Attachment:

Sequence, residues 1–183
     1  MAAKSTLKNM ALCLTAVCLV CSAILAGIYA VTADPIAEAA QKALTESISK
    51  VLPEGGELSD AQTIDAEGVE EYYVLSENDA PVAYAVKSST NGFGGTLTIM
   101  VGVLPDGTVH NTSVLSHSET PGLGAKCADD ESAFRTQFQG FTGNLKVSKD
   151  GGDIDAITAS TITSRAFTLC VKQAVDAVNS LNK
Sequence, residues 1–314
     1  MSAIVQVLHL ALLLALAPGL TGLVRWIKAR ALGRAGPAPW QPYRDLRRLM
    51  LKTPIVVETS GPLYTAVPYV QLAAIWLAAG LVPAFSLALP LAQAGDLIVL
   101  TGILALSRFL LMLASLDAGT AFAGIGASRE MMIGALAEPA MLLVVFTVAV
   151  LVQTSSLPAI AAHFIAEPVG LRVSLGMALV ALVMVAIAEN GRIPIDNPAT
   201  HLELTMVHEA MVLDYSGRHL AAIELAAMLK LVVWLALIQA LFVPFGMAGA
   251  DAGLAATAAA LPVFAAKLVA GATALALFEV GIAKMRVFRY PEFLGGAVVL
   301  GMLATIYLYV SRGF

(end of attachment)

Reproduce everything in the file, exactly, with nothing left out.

Sequence, residues 1–183
     1  MAAKSTLKNM ALCLTAVCLV CSAILAGIYA VTADPIAEAA QKALTESISK
    51  VLPEGGELSD AQTIDAEGVE EYYVLSENDA PVAYAVKSST NGFGGTLTIM
   101  VGVLPDGTVH NTSVLSHSET PGLGAKCADD ESAFRTQFQG FTGNLKVSKD
   151  GGDIDAITAS TITSRAFTLC VKQAVDAVNS LNK
Sequence, residues 1–314
     1  MSAIVQVLHL ALLLALAPGL TGLVRWIKAR ALGRAGPAPW QPYRDLRRLM
    51  LKTPIVVETS GPLYTAVPYV QLAAIWLAAG LVPAFSLALP LAQAGDLIVL
   101  TGILALSRFL LMLASLDAGT AFAGIGASRE MMIGALAEPA MLLVVFTVAV
   151  LVQTSSLPAI AAHFIAEPVG LRVSLGMALV ALVMVAIAEN GRIPIDNPAT
   201  HLELTMVHEA MVLDYSGRHL AAIELAAMLK LVVWLALIQA LFVPFGMAGA
   251  DAGLAATAAA LPVFAAKLVA GATALALFEV GIAKMRVFRY PEFLGGAVVL
   301  GMLATIYLYV SRGF